Latest posts by Midge Raymond (see all)
- Happy Typewriter Day! - June 23, 2017
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- Dining well in San Francisco: Enjoy Vegetarian Chinese - June 14, 2017
An interview with Among Animals contributor Rosalie Loewen (“The Boto’s Child”)
Q: What inspired “The Boto’s Child”?
A: I wrote this story when my first child was still very young. For me parenting is joyful and rewarding but also frightening and painful; from the birth onward, there is the wrenching process of letting your children go. As a new parent, I felt intensely aware of how miraculous and impossible each of our lives are in so many ways. Writing this story was an attempt to come to terms with these diverse aspects of parenting.
Q: The story is set in the Amazon and is so vividly detailed—what sort of research did you do to write this piece?
A: I lived in Brazil for two years. It is such a fabulous welter of color and culture and beauty that no one can live in Brazil and not absorb it. While I lived there I took a trip on the Amazon which serves as the basis for the setting of this story. My family travelled frequently when I was young and my parents always immersed us in the cultural and natural history of a place. This became a habit and I still travel with a field guide and generally trade comfort for immersion.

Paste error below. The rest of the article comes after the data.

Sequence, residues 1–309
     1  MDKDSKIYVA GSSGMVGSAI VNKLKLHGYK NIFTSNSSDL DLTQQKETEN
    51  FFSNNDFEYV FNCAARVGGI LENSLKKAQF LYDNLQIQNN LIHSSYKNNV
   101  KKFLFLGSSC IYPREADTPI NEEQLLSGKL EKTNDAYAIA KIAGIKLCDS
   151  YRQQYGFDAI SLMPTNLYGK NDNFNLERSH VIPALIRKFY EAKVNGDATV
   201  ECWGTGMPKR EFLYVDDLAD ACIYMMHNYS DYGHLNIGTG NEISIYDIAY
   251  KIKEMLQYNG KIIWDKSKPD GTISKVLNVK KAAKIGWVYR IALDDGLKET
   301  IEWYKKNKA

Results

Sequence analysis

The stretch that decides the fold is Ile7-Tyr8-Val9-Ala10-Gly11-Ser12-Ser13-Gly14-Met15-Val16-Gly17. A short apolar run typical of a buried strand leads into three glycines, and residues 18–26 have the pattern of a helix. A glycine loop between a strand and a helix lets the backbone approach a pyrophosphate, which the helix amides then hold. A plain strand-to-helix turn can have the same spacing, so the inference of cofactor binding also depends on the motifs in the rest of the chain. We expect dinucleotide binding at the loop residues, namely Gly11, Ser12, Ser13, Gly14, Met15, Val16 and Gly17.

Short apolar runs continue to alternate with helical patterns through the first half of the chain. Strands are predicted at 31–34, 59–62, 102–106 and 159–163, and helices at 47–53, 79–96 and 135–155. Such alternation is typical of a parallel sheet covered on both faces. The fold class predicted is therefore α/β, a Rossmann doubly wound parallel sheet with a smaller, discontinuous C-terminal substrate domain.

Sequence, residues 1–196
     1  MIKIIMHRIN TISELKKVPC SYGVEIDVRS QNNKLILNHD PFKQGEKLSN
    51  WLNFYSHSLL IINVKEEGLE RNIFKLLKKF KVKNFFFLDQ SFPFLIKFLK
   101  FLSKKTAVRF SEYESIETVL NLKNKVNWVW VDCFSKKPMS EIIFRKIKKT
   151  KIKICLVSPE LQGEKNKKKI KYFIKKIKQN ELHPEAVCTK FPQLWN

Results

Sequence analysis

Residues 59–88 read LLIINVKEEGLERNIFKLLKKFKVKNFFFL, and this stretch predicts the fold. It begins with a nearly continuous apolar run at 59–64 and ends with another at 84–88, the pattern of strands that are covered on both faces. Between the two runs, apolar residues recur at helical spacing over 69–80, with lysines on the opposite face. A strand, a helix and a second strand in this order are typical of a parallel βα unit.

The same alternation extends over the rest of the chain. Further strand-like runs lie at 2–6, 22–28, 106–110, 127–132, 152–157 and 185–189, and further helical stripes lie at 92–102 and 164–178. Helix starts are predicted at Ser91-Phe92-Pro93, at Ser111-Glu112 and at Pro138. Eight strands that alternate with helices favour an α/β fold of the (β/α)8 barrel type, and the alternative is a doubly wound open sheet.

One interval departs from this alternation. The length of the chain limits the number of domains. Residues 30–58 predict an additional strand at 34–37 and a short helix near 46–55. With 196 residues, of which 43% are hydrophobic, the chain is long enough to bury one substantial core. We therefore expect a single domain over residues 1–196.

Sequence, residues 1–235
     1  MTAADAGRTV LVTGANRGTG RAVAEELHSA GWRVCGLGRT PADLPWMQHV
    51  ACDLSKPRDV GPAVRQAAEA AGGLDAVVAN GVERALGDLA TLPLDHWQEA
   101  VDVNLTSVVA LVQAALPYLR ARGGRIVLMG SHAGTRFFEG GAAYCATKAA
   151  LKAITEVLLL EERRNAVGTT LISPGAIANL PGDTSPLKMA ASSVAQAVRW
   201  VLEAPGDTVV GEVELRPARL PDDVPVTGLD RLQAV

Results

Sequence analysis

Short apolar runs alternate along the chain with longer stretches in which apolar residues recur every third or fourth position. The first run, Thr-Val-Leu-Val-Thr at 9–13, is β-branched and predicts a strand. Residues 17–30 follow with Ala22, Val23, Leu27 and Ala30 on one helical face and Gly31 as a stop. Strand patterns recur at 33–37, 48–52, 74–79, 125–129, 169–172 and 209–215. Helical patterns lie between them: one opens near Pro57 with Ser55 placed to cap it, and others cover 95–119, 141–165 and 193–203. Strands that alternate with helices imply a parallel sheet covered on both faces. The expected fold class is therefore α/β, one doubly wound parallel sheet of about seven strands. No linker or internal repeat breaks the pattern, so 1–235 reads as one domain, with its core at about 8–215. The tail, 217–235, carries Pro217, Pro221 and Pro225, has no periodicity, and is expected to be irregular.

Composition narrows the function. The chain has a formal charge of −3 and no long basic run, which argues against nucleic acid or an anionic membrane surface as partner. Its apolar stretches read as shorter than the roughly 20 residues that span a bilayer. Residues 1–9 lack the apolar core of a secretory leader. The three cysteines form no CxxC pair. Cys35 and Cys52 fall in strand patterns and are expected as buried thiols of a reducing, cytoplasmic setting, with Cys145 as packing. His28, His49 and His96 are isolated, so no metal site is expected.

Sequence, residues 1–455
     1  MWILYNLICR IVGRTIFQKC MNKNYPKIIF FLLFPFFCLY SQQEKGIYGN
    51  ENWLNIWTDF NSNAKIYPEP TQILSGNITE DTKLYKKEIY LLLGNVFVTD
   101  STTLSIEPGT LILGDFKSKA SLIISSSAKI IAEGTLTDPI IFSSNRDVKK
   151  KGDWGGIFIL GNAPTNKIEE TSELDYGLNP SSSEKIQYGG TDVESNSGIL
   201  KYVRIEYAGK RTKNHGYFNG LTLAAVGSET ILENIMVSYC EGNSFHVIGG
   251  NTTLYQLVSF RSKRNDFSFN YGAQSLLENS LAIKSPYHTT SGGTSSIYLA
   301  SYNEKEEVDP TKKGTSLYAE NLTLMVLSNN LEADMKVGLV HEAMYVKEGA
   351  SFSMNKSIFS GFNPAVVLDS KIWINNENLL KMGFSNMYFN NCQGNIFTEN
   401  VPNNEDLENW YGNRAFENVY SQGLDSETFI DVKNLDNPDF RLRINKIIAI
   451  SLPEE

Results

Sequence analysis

Q: The narrator believes that “a doctor should be the first to admit how little we understand about the mysteries of life”—and this story is filled with such mysteries. What do you hope readers will think and feel after reading “The Boto’s Child”?
I hope that this story reminds readers that the limitations that we place on our perceived realities are subjective, informed by where we are in both place and time; change either of those and you could be equally convinced of some alternative truth.
Q: Why did you decide to incorporate a Brazilian myth into this story?
A: For me, everything in the natural world is fraught with wonder and fabulousness, from the smallest details: a caterpillar transforming into a butterfly, a child growing in the womb, a seed becoming a plant. Myth, religion, folktales, these are universal tools for expressing that wonder and dealing with our limitations of understanding.